If we were making a list of the most offensive things the Bush administration has done to the federal government, the politicization of cabinet agenc
March 20, 2008

If we were making a list of the most offensive things the Bush administration has done to the federal government, the politicization of cabinet agencies would have to be in the top 10. Examples like this one just leave me shaking my head.

U.S. Secretary of Education Margaret Spellings was in Minnesota on Tuesday to announce a proposed pilot project for the federal No Child Left Behind law that would give 10 states more flexibility in addressing struggling schools’ specific needs. [...]

However, Minnesota doesn’t yet have enough of those schools to participate in the pilot project, prompting some to question why Spellings made the announcement here and whether it was an effort to help Sen. Norm Coleman in his reelection campaign. [...]

"It certainly smells that no Democrats were invited to this event, when we already know that this administration has politicized Cabinet agencies,” said Matthew Miller, a spokesman for the Democratic Senatorial Campaign Committee. “It looks like a stunt to help Norm Coleman’s campaign.”

Ya think? As Paul Kiel noted, “Spellings announced a pilot program in Minnesota that won’t even be taking place in Minnesota.” But it just so happens, Minnesota is home to a very competitive Senate race, where a Republican incumbent wants to look education-friendly, and wouldn’t you know it, there was Sen. Norm Coleman (R) standing alongside the Secretary of Education at a press conference that had no business being held there in the first place.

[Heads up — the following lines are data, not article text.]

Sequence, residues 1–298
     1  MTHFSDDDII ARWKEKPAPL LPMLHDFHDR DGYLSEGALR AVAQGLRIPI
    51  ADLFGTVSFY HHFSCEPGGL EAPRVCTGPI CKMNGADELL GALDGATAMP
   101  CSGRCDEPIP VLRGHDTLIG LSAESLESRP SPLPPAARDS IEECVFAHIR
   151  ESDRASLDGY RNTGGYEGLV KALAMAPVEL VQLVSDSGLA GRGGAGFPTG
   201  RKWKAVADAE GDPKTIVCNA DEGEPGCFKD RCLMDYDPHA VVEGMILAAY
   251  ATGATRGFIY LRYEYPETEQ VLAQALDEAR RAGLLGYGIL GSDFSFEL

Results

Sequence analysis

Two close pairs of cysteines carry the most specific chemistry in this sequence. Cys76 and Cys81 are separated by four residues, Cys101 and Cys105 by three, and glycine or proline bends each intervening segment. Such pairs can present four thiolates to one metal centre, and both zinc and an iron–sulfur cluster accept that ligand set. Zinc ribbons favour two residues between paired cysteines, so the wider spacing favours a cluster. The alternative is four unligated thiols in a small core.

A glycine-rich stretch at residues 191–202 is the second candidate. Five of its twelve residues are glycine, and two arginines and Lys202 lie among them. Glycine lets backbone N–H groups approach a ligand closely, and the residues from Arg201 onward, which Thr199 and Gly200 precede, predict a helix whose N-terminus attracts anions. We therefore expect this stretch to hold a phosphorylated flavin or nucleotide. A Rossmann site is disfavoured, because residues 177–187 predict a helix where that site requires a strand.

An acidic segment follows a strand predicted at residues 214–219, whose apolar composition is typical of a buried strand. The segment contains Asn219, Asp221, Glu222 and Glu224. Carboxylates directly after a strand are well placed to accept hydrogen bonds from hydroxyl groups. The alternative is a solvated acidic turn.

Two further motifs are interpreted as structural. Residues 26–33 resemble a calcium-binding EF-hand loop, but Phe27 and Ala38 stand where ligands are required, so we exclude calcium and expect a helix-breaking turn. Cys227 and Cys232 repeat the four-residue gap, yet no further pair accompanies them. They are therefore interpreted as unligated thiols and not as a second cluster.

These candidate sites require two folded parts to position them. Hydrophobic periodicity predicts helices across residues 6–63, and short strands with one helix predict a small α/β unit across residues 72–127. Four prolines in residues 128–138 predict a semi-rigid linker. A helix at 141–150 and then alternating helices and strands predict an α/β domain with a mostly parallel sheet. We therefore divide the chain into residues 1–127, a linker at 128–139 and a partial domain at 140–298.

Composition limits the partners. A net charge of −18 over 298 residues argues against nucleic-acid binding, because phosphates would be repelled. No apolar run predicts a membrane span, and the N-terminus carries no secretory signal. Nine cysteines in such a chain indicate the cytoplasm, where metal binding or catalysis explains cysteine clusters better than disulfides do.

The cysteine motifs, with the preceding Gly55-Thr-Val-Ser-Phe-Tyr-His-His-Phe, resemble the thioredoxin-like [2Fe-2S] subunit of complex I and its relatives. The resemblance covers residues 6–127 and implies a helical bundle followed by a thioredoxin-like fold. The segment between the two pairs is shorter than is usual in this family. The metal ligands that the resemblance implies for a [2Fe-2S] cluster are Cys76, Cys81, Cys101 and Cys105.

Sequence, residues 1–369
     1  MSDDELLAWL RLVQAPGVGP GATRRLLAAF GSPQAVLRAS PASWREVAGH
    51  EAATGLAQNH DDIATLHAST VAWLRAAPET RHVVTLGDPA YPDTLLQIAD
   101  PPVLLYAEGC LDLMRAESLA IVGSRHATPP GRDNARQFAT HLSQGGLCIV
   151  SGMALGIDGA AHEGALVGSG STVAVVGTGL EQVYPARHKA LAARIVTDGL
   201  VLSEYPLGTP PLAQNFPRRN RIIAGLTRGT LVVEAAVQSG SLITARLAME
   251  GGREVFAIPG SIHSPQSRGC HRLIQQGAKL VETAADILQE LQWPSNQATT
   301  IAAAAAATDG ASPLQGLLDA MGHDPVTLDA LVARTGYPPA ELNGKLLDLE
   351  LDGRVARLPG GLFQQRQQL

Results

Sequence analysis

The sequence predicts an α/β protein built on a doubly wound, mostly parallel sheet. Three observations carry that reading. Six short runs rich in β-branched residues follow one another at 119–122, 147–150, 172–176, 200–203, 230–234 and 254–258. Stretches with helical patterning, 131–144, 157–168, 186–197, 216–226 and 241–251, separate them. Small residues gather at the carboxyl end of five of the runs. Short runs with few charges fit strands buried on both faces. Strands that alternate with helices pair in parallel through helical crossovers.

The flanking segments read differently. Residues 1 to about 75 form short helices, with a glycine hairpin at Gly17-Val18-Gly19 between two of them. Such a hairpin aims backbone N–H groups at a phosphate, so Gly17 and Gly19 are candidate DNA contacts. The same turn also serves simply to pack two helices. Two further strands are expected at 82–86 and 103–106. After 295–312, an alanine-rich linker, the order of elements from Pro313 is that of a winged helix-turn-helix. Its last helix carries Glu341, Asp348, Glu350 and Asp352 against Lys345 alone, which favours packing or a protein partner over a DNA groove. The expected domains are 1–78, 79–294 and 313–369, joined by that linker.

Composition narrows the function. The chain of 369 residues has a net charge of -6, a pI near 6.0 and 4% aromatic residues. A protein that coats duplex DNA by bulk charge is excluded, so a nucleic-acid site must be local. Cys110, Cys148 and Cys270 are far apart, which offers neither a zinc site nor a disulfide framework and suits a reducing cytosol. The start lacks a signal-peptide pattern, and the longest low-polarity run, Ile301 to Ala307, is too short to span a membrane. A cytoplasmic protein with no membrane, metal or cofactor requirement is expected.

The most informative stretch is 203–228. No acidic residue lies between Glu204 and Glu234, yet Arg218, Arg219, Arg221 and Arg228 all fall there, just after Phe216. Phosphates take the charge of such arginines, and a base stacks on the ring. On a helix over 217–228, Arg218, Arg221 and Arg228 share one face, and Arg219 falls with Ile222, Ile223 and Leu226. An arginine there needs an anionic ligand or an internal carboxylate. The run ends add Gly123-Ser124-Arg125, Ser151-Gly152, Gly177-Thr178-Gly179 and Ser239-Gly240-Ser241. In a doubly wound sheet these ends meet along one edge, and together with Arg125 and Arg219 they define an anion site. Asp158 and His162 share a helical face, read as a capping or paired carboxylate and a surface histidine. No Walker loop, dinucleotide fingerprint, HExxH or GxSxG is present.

Lest anyone think I’m being unnecessarily cynical here, consider the administration’s recent history.

In my favorite example, David Kuo, the former second-in-command at the White House Faith-Based Office, publicly acknowledged that the office was used as a tool to help elect Republicans.

Remember, this was happening throughout the Bush administration. Kiel summarized what we learned last summer: “Karl Rove’s machinations in the White House Office of Political Affairs was his use of cabinet members to create free publicity for endangered Republicans. Agency heads or officials who traveled only a handful of times on off years suddenly found themselves whipped into service in an election year. Republicans facing tough challenges could count on a constant stream of photo-ops with administration officials announcing good things for his or her constituents. Rove called the operation his ‘asset deployment’ team.”

But here’s the funny part: after having been caught abusing federal agencies for campaign purposes in 2002, 2004, and 2006, the Bush administration, as the Coleman example highlights, is still pulling the exact same stunts. They’re misusing cabinet agencies and federal resources to help Republican campaigns, and they just don’t care whether it’s obvious or not.

What a shameless bunch of hacks.

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